On Fri, Jan 26, 2007 at 12:02:33AM +0900, Yukihiro Matsumoto wrote:
> I think we need to summarize the current proposed schemes:
> (a) my original proposal
> 
>   - functional style call will look for
> 
>     (1) private methods up from defining class to Kernel
>     (2) public methods up from the receiver's class to Kernel if not
>         found in step 1.

A < B < C

A makes function style call to foo().
B has public foo(), C has private foo().

It is C's foo that will be called?

You must have a reason, why is this desireable?

>   - ordinary style call will look for
> 
>     (3) public methods up from the receiver's class to Kernel.  private
>         methods will be skipped.

This is different from ruby 1.8, but makes sense to me. Today, error
raising behaviour means private methods intefere with public method
lookup.

> (b) Charles Nutter's proposal
> 
>   - functional style call will look for
> 
>     (1) any methods up from defining class to Kernel

This seems reasonable.

>   - ordinary style call will look for
> 
>     (2) he didn't say anything about this, either skipping private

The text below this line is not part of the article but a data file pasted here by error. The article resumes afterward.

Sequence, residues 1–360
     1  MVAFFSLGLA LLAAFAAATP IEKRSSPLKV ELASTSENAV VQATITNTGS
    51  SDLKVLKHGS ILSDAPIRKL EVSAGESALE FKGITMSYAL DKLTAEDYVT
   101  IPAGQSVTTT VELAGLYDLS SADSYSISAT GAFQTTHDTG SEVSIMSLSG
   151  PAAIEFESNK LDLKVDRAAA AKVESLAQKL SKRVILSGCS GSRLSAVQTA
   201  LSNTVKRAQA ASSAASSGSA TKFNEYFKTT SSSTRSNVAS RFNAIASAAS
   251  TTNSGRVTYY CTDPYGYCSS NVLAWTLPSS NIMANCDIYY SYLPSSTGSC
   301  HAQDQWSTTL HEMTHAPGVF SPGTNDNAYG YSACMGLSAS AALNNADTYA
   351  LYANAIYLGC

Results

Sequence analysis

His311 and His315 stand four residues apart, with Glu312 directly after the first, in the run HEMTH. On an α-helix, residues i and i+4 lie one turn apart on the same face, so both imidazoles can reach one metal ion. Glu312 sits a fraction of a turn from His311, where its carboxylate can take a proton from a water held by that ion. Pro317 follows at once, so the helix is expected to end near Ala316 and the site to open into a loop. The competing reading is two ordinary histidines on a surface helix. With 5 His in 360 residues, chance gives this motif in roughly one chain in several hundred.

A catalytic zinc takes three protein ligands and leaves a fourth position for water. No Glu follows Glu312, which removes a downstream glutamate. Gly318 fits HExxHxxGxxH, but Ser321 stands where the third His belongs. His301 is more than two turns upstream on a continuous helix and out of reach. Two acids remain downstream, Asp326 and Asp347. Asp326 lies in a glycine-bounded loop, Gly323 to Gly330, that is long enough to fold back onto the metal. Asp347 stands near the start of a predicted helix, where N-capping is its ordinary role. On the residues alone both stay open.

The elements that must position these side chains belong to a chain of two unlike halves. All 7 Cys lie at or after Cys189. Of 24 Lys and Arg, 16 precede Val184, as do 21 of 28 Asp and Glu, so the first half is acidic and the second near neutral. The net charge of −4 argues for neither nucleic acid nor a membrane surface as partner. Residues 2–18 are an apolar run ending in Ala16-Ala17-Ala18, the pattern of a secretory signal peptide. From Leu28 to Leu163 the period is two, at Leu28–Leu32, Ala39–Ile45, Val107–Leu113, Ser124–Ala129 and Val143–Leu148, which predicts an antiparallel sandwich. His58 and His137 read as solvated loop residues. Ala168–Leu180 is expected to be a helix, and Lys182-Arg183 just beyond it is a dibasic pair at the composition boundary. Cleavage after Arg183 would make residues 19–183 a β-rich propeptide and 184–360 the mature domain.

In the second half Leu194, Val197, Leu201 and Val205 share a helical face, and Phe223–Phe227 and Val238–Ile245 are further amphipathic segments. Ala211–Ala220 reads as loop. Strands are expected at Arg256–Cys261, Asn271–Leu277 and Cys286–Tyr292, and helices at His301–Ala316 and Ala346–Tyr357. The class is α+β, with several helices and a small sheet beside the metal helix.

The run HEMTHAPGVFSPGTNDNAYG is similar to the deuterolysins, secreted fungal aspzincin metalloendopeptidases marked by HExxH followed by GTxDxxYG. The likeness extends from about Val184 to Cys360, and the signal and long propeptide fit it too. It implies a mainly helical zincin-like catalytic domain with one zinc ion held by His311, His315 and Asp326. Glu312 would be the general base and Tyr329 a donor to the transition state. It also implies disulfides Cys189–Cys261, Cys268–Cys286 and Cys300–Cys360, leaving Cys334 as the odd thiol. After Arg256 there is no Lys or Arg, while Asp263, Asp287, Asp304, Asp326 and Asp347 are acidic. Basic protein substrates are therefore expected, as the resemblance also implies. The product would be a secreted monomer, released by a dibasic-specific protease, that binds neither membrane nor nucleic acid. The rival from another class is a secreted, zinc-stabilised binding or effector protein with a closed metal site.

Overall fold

>         methods or raise error as we have today.

Hopefully, same as (a)(3).


> (c) Evan Phoenix's proposal
> 
>   - functional style call will look for
> 
>     (1) private methods in the defining class/module.
>     (2) any methods up from the receiver's class to Kernel if not
>         found.
> 
>   - ordinary style call will look for
> 
>     (3) he didn't say anything about this, either skipping private
>         methods or raise error as we have today.

Hopefully, same as (a)(3).

> 
> Are above summary OK, Charles, Evan?

I don't see how (b)(1) and (c)(1,2) are different, except the former
says "defining class" and later says "defining class/module". Don't 
modules, once included, become "like" an ancestor class? Is the
difference how this is handled:

module M
  def this()
    that() # Calls A#that() or B#that()?
  end
end


class A;
  def that()
  end
end

class B < A
  include M
  def do_it()
    this()
  end

  def that() end
  private :that
end
   
??